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There’s something on our list for everyone from market mavens to debt-challenged consumers. (Indranil Mukherjee/AFP/Getty Images/Indranil Mukherjee/AFP/Getty Images)
There’s something on our list for everyone from market mavens to debt-challenged consumers. (Indranil Mukherjee/AFP/Getty Images/Indranil Mukherjee/AFP/Getty Images)

Books

Some holiday-giving ideas to pad an investor's library Add to ...

Looking for something special for the investor in your life? These books represent some of the year’s best writing on personal finance, market behaviour and investing strategies. There’s something here for everyone from market mavens to debt-challenged consumers.

Models. Behaving. Badly.: Why Confusing Illusion with Reality Can Lead to Disaster, on Wall Street and in Life

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(Emanuel Derman, Free Press, hardcover, $29.99)

When you pick up a book penned by a former theoretical physicist and Goldman Sachs strategist who now teaches something called “financial engineering” at Columbia University, you expect a brain workout. You also hope to gain a new perspective on the workings – and failings – of the financial world. This book doesn’t disappoint, on any of those counts. Mr. Derman weaves a tale that is equal parts science, economics, philosophy and memoir. From all these angles, he drills to the heart of why finance is not a science – and why treating it as a science is a dangerous thing. At the heart of his argument is a crucial misunderstanding by the investment community, which doesn’t always grasp that financial models are just that – models. Mere representations of reality, models lack the critical essence of the thing they are meant to represent. That essence? Human frailty. David Parkinson

Santa Claus is Alive and Well and Living on Wall Street

(Bruce Gauthier, iUniverse Inc., paperback, $12.95)

Just in time for Christmas comes a book that says having faith in financial markets to deliver your retirement security is as stupid as believing in Santa Claus. (Read it to the kids. It’ll be a real eye-opener – once they stop crying.) Toronto resident Bruce Gauthier is no financial expert – just another regular Joe whose nest egg has floundered in the hands of the financial industry. Like the kid who found out there’s no Santa, he feels betrayed, lied to. At times he’s paranoid and irrational, seeing conspiracy theories all over the place. But beneath it all, there may be more truth here than most of us are comfortable admitting. His rants about regulatory oversight, stock options and short-selling are over the top, but they address some hard questions that maybe we all ought to be asking. Plus, it’s a strangely cathartic read – I feel like he’s more than angry enough for the both of us. David Parkinson



The Strategic Dividend Investor: Why Slow and Steady Wins the Race

(Daniel Peris, McGraw-Hill, hardcover, $25.95)

Do you “play” the stock market? Are you convinced that the secret to building wealth is to “buy low, sell high and repeat frequently?” U.S. fund manager Daniel Peris makes a strong case that using the casino approach will doom you to a life of sub-par returns. Instead, most investors would be far better off treating the stock market as a mechanism to purchase stakes in companies that reward them with growing cash payments. Dividends are “the acid test of a business’s basic profitability,” he writes, and they account for the vast majority of the stock market’s long-term returns. Plus, they’re a lot more predictable than the day-to-day gyrations of stock prices. The book focuses on U.S. companies, but the theory and practical advice here will be useful to Canadians who want off the market roller coaster. John Heinzl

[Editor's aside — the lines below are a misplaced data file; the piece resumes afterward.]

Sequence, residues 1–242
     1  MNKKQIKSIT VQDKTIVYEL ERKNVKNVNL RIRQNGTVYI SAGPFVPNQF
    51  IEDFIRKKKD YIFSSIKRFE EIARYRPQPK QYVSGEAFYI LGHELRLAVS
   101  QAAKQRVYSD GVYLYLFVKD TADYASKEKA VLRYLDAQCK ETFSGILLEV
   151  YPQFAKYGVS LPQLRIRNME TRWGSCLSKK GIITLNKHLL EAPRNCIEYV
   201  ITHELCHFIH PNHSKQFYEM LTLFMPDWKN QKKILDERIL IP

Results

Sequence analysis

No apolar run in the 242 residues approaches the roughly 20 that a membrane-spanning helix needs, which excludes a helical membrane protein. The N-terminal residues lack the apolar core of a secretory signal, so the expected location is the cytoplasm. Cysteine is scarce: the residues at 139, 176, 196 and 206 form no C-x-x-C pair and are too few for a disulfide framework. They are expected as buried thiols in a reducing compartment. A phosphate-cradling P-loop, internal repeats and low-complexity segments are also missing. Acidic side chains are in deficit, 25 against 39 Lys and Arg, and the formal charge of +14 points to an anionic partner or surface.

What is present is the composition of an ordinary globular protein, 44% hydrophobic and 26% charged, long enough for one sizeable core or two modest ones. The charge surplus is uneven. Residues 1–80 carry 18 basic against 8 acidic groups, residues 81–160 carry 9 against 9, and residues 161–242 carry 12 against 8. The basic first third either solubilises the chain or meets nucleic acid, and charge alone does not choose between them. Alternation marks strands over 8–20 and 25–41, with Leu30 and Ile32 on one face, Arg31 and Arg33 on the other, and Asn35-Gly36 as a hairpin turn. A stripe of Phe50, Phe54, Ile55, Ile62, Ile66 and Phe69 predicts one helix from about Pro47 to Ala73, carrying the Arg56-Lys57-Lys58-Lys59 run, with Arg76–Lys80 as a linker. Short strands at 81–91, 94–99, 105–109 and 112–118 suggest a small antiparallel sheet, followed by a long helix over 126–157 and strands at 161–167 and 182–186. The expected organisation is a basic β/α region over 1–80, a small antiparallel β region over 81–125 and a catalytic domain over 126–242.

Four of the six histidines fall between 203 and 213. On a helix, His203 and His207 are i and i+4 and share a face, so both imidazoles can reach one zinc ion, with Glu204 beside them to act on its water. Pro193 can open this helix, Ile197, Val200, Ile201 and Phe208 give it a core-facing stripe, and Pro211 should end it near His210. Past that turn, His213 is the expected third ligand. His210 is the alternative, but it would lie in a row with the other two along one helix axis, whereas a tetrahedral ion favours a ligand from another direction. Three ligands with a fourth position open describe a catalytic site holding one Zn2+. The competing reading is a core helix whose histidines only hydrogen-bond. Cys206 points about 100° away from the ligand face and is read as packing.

Crushing Debt: Why Canadians Should Drop Everything and Pay Off Debt

(David Trahair, John Wiley & Sons Canada, paperback, $19.95)

Arriving in timely fashion – right before those ugly post-holiday credit card bills roll in – Toronto accountant David Trahair’s book is a quick read that paints a disturbing picture of the debt monster stalking governments and individuals. It also highlights the risks excessive debt poses to Canada’s supposedly secure chartered banks, which “have a very slim cushion of shareholders’ equity with which to weather a potential storm of payment defaults from consumers saddled with excessive household debt levels.” If that sounds like you, Mr. Trahair lays out options such as credit counselling and bankruptcy, and offers hope in the form of stories from people who wrestled their debts to the ground. Buy this book if you’ve got room on your credit card, or better yet, save the $19.95 and order it from the library. John Heinzl

Money and Power: How Goldman Sachs Came to Rule the World

(William D. Cohan, Doubleday, $34)

Ordinary investors can take away at least two valuable lessons from William Cohan’s monumental history of the “vampire squid” of Wall Street. First, no matter how smart you are, there are armies of even brighter people – many of them at Goldman Sachs – who are working flat out to develop ingenious ways to make money off you. Second, even geniuses screw up, as demonstrated in Goldman’s surprisingly frequent brushes with calamity over the decades. Mr. Cohan does a superb job of depicting the investment bank’s velvet-gloved rapacity, while demonstrating the more admirable qualities that have helped the firm succeed when so many of its rivals have failed. Most important is its staunch belief in recognizing reality, marking assets to market and hedging its risks. Anyone who is attempting to make money in today’s volatile economy should pay heed. Ian McGugan

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